What is the point of hammering heads to get a House bill that’s got no chance in the Senate? What is the twisted logic of dooming a House bill to death in the Senate before it has even arrived? So this increasingly unmanaged chaos can play out a little longer? So that we can watch big clocks tick down the days, hours and minutes until Aug. 2, or 4, as the stock market surges and dips?
Like most American spectators watching this slow-motion train wreck of a budget disaster, I have assumed that at the last minute the damsel would be pulled off the track of the oncoming train. Somehow, the Republicans would appreciate the stakes, a compromise (albeit on sickeningly Republican terms) would be reached, and the nation would be spared the catastrophe of default—a gratuitous deepening of an already dire economic mess.Now I am not so sure.
"Members of Congress are juggling with hydrogen bombs."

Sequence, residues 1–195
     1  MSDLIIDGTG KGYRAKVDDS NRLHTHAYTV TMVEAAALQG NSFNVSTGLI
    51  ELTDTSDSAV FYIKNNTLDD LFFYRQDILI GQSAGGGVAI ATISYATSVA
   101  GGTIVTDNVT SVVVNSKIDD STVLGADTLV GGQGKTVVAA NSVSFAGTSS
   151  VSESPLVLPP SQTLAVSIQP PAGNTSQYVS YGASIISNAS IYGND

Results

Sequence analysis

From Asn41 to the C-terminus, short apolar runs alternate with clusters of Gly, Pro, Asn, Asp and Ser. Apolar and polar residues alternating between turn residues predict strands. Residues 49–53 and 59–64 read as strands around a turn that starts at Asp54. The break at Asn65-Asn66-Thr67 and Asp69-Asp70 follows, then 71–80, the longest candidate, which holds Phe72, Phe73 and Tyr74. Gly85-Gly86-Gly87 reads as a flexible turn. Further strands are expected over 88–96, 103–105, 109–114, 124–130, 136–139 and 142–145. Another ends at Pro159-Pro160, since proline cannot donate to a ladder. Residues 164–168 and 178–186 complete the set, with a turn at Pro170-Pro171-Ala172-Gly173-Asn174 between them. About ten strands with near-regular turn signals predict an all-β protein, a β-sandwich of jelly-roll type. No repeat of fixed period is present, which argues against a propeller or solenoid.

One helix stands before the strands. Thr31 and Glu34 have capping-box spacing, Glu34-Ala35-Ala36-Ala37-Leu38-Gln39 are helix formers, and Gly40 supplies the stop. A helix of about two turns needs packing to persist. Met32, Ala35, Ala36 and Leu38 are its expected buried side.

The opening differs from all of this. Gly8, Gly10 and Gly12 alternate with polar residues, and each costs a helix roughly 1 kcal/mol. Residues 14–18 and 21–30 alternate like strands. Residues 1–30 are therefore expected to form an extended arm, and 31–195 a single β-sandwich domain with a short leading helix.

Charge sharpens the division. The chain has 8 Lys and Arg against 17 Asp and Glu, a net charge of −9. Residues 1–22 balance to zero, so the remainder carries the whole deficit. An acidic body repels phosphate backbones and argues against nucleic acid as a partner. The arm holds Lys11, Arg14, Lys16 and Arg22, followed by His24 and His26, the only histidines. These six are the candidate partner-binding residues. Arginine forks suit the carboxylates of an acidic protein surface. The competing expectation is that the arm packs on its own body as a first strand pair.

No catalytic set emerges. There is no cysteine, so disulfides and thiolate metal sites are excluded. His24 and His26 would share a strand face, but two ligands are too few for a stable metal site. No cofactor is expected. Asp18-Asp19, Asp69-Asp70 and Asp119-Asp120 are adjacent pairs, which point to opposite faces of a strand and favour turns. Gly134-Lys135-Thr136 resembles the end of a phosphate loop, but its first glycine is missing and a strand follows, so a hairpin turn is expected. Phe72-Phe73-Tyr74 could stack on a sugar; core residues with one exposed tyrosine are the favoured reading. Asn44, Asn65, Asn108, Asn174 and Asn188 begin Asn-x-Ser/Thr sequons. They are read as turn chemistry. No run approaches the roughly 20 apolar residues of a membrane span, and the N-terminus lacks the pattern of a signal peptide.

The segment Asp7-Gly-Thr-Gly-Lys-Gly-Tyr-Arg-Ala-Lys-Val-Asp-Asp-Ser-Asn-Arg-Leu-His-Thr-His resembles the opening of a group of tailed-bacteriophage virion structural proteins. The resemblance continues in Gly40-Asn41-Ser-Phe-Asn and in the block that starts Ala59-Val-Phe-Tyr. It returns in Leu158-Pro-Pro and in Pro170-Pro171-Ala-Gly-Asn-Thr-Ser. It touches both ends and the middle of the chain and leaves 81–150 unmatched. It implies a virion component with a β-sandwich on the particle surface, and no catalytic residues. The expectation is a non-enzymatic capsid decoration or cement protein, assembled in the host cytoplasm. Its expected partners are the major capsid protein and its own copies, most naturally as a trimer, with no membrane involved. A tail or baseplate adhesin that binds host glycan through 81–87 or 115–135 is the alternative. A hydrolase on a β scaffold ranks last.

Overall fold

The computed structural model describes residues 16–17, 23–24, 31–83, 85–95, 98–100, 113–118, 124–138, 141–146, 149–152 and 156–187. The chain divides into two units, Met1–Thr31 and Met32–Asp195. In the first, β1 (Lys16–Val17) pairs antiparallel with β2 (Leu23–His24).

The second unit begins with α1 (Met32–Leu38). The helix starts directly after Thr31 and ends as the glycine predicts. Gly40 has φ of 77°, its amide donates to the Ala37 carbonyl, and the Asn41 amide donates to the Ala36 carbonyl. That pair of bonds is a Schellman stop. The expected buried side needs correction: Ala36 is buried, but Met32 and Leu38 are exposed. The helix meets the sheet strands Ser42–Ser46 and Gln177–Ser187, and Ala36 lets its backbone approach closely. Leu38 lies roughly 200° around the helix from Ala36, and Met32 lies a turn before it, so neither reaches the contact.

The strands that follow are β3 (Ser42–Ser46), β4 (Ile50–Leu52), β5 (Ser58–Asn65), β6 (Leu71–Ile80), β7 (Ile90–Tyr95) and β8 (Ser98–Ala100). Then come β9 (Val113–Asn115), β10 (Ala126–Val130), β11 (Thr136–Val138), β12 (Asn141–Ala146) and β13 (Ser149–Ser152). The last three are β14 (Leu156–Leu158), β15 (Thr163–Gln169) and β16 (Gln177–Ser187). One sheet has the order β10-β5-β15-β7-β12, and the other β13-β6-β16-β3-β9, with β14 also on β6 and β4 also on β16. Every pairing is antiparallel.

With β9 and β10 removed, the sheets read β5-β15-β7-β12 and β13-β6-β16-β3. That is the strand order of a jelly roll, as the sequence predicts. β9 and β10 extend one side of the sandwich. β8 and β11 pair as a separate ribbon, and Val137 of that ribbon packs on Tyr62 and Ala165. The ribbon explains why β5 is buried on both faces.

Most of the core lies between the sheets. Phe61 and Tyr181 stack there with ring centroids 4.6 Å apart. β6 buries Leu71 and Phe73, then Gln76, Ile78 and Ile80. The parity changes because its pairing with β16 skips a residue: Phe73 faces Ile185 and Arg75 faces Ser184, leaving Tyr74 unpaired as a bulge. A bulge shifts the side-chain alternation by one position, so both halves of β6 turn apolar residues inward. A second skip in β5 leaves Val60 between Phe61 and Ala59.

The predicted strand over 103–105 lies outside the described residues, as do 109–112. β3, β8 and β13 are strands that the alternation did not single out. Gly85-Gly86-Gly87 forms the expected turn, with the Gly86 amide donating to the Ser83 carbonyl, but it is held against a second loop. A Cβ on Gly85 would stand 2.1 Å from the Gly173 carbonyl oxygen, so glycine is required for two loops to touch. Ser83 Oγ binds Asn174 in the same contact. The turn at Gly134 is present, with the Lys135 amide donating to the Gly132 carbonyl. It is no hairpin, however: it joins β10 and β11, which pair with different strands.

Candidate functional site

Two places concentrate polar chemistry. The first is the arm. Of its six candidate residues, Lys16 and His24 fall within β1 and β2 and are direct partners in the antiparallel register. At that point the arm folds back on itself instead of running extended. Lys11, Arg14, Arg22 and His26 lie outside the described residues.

The US had previously deemed Iceland and other whaling nations (primarily Norway and Japan) to be illegally conducting whaling operations in defiance of the IWC ban. However, if Obama was to take action, this would be the first time trade sanctions would be imposed on another nation for this reason, setting a conservation precedent that nearly every conservation society would heartily welcome.Controversially, under current IWC rules, three nations (Japan, Iceland, Norway) are “allowed” a yearly quota of whale captures (though, non-endangered ones), as, historically, these nations have been heavily invested — commercially and culturally — in whaling. However, said quotas are supposed to decrease each year (as the goal is to phase out the industry) according to a specific, agreed upon system. The system, however, has many loopholes[...]The NRDC further asserts that as of late 2010, Iceland’s quotas and exports of whale products reach “record levels.” As a result, 19 U.S.-based NGO’s filed a “Pelly petition” asking the Secretary to certify Iceland’s violation of the whaling ban (pursuant to the Pelly Amendment) and to urge the imposition of trade sanctions. The petition specifically advocated targeting Iceland’s “fisheries-related businesses linked to its whaling industry”.